Ok Google, Hey Alexa, what are folks using you for these days?

In a 1963 episode of the futuristic TV sitcom “The Jetsons,” one of the characters succumbs to a condition called “buttonitis” from activating too many remote-controlled devices around the home.  The TV series correctly predicted the degree of control consumers would someday have in their homes, but the difference is that commands these days are usually voice activated.  Voice controlled intelligent personal assistants are a common sight in U.S. homes.  When we asked U.S. adults last year if their home had a device like Amazon Alexa or Google Home, 24% indicated they owned one and 21% indicated they planned to get one in the next 24 months.

Voice controlled assistants are clearly getting a lot of use, with 79% of consumers using them to listen to music and 70% checking the weather.  The categories of use for these devices include entertainment/ information, personal organization, communication, control and commerce.  The most common uses are entertainment/ information – in addition to music and weather, consumers use the devices for checking the news (51%), searching for information online (47%), and checking traffic (28%).  Personal organization is the next most common category of use, including setting reminders (49%), making task lists (28%), and scheduling calendar appointments (22%). The devices are also used by many consumers for communication, including voice calls (24%) and sending messages (19%).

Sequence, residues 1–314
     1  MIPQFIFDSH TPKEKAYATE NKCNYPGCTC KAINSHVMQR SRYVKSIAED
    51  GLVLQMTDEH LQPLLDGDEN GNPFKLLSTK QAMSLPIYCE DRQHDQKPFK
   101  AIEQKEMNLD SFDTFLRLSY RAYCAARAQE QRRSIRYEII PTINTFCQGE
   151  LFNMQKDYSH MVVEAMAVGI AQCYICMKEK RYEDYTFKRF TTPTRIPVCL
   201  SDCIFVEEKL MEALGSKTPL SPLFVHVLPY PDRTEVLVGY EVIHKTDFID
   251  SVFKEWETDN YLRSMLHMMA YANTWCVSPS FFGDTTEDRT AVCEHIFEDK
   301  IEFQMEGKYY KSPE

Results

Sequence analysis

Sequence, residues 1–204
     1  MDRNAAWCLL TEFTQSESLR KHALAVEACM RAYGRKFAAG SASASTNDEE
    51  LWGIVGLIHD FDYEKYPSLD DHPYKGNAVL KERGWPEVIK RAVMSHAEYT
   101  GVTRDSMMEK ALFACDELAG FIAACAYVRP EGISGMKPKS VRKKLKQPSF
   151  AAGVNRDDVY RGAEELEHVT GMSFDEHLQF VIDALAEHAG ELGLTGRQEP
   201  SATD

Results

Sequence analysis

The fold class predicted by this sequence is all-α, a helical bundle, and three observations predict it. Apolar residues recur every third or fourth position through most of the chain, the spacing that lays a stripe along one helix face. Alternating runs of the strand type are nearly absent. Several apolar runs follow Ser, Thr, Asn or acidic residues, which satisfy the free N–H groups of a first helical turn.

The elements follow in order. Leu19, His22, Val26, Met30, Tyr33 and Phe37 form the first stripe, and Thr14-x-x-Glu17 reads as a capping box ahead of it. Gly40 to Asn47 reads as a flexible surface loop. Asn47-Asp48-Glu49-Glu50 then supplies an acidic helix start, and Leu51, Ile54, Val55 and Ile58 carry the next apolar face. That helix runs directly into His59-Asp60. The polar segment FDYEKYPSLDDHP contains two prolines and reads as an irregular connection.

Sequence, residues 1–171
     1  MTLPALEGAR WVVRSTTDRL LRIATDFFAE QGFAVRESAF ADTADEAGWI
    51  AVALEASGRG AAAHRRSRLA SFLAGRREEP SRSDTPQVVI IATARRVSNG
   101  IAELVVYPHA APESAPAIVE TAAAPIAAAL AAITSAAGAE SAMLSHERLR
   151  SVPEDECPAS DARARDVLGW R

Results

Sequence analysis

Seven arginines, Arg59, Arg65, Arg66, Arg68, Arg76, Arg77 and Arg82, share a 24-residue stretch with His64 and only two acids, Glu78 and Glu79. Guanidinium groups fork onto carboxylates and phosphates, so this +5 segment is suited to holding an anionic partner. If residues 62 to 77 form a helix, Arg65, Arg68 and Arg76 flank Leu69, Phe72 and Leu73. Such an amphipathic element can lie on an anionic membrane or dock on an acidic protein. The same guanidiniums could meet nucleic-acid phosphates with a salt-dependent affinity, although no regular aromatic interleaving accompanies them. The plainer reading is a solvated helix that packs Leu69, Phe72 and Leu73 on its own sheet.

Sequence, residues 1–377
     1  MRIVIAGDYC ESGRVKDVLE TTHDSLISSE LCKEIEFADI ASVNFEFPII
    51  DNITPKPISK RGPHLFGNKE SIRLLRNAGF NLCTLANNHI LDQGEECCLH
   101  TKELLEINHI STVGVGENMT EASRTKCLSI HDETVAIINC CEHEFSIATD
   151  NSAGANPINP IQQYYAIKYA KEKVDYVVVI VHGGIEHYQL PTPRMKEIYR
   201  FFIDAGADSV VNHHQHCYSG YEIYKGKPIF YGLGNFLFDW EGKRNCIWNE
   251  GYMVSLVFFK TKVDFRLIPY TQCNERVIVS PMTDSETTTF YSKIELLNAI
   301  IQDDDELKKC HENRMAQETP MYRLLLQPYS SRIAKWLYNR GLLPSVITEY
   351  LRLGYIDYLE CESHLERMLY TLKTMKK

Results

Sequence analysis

In an increasingly interconnected world, voice-controlled assistants have the potential to be vital portals for controlling technology.  A segment of consumers relies on their devices to control an array of technology, including a TV (21%), home lighting (21%), HVAC (11%) and appliances (8%).  When an enabling technology becomes available, the last domain of use is typically commerce because of insecurity with processing financial information in an unfamiliar medium.  However, 15% of consumers used the voice-controlled devices in their homes to purchase products and services, while other less common uses include ordering food, making restaurant reservations, ride hailing and financial management.  We expect that in the future, voice controlled assistants will become ubiquitous in American homes and increasingly relied upon for commerce and maintaining control.

Written by: Charles Colby, Chief Methodologist, Principal and Founder